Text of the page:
[TIP] Is this the best way to mock out a call to with open('foo') as f?

Gregory P. Smith greg at krypto.org
Sat Oct 2 17:48:03 PDT 2010

On Sat, Oct 2, 2010 at 3:24 PM, Michael Foord <fuzzyman at voidspace.org.uk>wrote:

>  On 02/10/2010 21:34, W. Matthew Wilson wrote:
>> I'm using the mock package version 7.  Here's the production code I
>> want to test:
>>     def to_html(self, filepath):
>>         """
>>         Write this bag out as HTML to a file at filepath.
>>         """
>>         with open(os.path.join(filepath, self.html_filename), 'w') as f:
>>             f.write(self.html)
>> And here's the test for that to_html method.  I'm using mock.patch to
>> substitute a MagicMock object in for the results of the call to
>> open(...).
>>     @mock.patch(
>>         '__builtin__.open',
>>         mock.Mock(return_value=mock.MagicMock(spec=file)))
>>     def test_to_html():
>>         global b
>>         b.to_html('bogus filepath')
>> It took me a long time to figure out how to do this.  And that makes
>> me think maybe there's a much simpler and cleaner approach out there.
>>  In principle I think that the way you patch __builtin__.open with a mock
> that returns a MagicMock is fine. To answer Gregory's particular nervousness
> about patching __builtin__ - the use of "patch" makes guarantees about when
> the patching will be done and undone so it won't affect any code run outside
> of the specific test.
> However, there is an alternative way. You could *just* patch the 'open'
> function in the module under test. Because 'open' won't exist in that
> namespace as an explicit name you will have to use the create keyword
> argument to patch:

Hmm, I am more comfortable with that approach.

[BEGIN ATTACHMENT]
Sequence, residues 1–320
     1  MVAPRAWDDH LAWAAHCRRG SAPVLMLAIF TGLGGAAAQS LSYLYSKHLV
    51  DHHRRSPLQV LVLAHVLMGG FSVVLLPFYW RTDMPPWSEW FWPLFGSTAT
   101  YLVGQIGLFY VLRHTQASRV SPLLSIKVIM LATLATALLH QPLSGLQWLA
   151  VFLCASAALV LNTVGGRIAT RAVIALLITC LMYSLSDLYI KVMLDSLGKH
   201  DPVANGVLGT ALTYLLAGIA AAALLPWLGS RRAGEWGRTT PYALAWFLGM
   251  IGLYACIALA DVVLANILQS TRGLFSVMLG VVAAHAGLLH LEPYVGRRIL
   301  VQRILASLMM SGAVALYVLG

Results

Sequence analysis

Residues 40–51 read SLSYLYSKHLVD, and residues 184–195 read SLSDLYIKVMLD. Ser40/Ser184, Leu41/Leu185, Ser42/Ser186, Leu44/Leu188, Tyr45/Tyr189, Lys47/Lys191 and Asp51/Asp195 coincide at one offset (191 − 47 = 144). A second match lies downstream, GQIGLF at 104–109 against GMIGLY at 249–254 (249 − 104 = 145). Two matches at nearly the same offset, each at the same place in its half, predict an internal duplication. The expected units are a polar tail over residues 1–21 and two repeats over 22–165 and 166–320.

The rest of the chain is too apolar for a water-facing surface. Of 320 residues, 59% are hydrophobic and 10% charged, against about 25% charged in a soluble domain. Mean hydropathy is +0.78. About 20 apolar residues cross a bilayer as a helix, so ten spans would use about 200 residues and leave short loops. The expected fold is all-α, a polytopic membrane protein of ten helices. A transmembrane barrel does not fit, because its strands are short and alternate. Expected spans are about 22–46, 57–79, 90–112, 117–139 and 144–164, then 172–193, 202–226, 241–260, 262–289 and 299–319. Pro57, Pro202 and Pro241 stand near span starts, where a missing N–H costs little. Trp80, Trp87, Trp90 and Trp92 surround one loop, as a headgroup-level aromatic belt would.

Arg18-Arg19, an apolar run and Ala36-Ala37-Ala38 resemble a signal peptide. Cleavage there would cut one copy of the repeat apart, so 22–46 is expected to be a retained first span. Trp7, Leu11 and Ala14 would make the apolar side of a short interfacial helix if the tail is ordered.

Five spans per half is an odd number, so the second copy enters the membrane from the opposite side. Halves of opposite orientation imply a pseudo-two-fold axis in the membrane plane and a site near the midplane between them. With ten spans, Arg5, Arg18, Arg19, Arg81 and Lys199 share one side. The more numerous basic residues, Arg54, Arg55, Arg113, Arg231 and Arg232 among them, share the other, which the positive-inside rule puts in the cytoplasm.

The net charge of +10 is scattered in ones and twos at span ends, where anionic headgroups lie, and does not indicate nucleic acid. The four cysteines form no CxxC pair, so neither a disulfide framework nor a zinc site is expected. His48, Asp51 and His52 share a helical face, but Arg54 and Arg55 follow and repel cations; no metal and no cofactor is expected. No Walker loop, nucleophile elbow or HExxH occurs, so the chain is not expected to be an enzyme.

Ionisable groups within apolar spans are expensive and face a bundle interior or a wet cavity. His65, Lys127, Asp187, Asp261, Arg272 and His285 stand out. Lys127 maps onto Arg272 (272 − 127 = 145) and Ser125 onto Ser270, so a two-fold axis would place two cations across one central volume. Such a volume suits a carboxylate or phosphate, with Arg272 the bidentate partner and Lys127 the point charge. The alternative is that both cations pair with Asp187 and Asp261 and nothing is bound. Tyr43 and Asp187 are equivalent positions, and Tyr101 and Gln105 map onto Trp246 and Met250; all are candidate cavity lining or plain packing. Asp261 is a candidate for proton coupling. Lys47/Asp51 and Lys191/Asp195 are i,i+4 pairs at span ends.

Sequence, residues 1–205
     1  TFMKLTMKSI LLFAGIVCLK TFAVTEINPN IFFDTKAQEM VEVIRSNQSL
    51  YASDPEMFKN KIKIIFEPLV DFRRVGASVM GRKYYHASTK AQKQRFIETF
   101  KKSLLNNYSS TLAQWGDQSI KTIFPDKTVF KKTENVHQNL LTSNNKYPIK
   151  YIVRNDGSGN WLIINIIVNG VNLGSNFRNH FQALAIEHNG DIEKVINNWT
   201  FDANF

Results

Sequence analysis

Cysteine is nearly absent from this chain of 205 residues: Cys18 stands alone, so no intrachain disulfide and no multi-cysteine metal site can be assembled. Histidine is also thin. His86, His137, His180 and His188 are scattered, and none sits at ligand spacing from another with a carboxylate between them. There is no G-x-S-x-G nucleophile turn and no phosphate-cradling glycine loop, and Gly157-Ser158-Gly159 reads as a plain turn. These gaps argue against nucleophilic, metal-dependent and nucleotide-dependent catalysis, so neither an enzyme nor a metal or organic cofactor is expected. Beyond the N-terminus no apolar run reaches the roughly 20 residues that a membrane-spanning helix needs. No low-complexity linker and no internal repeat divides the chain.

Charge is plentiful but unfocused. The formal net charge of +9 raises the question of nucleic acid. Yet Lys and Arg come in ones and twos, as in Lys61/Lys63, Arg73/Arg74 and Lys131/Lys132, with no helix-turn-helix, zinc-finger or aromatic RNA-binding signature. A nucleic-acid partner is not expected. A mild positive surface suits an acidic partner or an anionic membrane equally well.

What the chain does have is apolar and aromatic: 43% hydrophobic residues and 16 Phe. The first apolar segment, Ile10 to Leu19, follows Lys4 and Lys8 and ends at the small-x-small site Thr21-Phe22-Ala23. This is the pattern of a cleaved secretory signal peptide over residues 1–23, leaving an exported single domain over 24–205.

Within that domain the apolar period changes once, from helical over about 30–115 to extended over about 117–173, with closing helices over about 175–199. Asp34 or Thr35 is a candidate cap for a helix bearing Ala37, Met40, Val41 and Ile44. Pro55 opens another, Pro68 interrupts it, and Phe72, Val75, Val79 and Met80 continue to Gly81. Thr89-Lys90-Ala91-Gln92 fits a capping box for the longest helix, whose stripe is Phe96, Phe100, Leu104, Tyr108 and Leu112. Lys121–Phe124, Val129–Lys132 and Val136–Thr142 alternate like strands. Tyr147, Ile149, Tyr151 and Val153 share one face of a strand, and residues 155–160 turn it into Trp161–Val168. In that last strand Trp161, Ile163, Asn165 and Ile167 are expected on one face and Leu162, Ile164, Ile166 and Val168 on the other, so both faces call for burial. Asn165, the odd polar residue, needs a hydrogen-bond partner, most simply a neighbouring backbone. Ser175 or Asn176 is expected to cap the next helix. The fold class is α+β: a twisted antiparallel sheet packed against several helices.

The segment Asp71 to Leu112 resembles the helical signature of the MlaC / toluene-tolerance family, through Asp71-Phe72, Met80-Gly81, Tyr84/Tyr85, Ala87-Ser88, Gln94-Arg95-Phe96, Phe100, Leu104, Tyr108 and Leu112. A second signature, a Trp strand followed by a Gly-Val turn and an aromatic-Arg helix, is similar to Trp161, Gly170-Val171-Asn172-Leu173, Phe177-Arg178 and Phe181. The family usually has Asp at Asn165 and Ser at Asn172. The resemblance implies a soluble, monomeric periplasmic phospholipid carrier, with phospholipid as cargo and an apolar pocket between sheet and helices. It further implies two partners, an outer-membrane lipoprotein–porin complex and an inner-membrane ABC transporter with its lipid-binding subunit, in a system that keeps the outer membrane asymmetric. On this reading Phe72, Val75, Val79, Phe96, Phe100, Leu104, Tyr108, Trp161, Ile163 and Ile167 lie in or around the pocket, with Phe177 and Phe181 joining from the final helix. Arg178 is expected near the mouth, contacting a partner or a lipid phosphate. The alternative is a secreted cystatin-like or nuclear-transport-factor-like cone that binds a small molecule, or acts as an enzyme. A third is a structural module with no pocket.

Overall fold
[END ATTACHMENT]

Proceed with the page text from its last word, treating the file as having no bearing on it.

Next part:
I agree that dependency injection altering the public API is bad. For
example I wouldn't do it for public APIs on the standard library.

But buried within a code base in a project where it isn't exposed to outside
users I don't mind so much.  There are also other dep. injection styles such
as adding private attributes or methods to your class for the things you
want to inject at test time rather than my simple example of a _ prefixed
"protected by convention" additional parameter.  Adding your own mock open
to the module global namespace is doing something similar but happily
doesn't need code modifications to support the injection.


> with patch('the_module.open', Mock(return_value=MagicMock(spec=file)),
> create=True):
> ...
> or even:
> @patch('module.open', create=True)
> def the_test(mock_open):
> mock_open.return_value = MagicMock(spec=file)
> All the best,
> Michael Foord
>  My example is different than the one in the documentation
>> (http://www.voidspace.org.uk/python/mock/magicmock.html) because that
>> one looks like this:
>>  from mock import Mock
>>>>> mock = Mock()
>>>>> mock.__enter__ = Mock()
>>>>> mock.__exit__ = Mock()
>>>>> mock.__exit__.return_value = False
>>>>> with mock:
>>>> ...     pass
>> In that one, mock needs to support calls to __enter__ and __exit__.
>> where this one is mine:
>>     with open(...) as f:
>> In mine, the open function needs to return something that can support
>> calls to __enter__ and __exit__.
>> So, that's why I'm making a regular mock.Mock object that then returns
>> a fancy mock.MagicMock(spec=file) object.
>> Like I said, it took me a long time to figure this out, and I find it
>> confusing to read, so I hope there's some more elegant solution out
>> there.
>> Great library, by the way.
>> Matt
> --
> http://www.voidspace.org.uk/blog
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